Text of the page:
Bark Beetles
Southern Pine Beetle and Mexican Pine Beetle
Dendroctonus frontalis (Zimmerman)
and Dendroctonus mexicanus (Hopkins)

Hosts:  Chihuahua, Apache, ponderosa pines

Figure 112. Figure 112. Egg and larval galleries of southern pine beetle. Note that egg galleries are S-shaped that crisscross one another in the inner bark and on the wood surface.

Symptoms/Signs:  Presence of reddish brown boring dust caught in bark flakes and crevices around tree; numerous pitch tubes on the bark at the entry point of the tunnels. In heavily attacked decadent trees, pitch tubes are often missing or so small they can only be seen up close. Later, the foliage begins to fade, turning from green to yellow or bright red, and eventually a dull brown. Woodpecker activity on the trunk is also a good indication that bark beetles have attacked the tree.

Adults are dark reddish brown, cylindrically shaped beetles approximately 3 mm in length. Larvae are white, legless grubs. The morphology of southern pine beetle and Mexican pine beetle are very similar and, therefore, are difficult to tell apart. Taxonomists use the seminal rod of male beetles as the distinguishing characteristic.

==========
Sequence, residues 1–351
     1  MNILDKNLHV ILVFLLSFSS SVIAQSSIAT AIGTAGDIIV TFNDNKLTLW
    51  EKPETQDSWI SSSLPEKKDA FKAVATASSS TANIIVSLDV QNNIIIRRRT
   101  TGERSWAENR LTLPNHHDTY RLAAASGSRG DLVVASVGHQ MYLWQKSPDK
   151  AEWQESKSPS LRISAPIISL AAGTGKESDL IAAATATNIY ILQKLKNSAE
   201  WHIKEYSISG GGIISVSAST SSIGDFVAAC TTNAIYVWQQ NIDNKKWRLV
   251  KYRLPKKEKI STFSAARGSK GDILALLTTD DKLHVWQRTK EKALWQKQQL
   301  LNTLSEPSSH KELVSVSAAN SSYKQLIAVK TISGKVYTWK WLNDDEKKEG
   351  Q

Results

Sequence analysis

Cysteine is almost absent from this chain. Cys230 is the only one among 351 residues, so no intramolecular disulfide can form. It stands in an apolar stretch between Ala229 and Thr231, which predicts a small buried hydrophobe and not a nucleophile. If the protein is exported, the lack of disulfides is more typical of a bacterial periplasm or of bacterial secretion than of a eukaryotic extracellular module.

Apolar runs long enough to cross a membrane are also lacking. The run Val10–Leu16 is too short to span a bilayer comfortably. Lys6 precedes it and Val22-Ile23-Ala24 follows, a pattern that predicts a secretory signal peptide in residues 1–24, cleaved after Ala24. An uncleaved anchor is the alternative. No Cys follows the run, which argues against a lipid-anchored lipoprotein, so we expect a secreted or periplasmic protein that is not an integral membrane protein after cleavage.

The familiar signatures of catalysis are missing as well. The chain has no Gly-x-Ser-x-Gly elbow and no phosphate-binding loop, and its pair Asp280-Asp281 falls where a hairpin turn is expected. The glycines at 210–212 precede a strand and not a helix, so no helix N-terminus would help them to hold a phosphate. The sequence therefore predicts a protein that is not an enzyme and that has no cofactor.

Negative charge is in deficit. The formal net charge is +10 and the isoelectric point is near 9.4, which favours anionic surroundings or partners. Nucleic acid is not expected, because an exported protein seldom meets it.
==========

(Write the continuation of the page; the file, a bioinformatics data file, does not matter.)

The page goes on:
Biology: Although southern pine beetle has many generations in the southeastern U.S., it likely has only one to two generations per year in the Southwest depending on elevation and climate. Adults construct winding galleries in the inner bark, where eggs are deposited in individual niches on each side of the galleries. The larvae mine for a short distance before boring into the outer bark where they pupate. Mexican pine beetle is thought to have a similar biology.

Figure 113. Figure 113. Chihuahua pine mortality caused by southern pine beetle in Chiricahua Mountains, Arizona.

Effects:  Southern pine beetle and Mexican pine beetle killed large numbers of Apache and Chihuahua pines throughout 1999-2001 in the Chiricahua Mountains of southeastern Arizona. Pine mortality ranged from single trees to large groups of more than 100. Southern pine beetle has been collected from traps in northern Arizona.

Similar Insects and Diseases: Southern pine beetle and Mexican pine beetle can be distinguished from other pine bark beetles by the shape of egg galleries and beetle morphology. Western pine beetle egg galerries are similar in appearance; however, larval feeding galleries on the inner bark are absent.

Reference:  104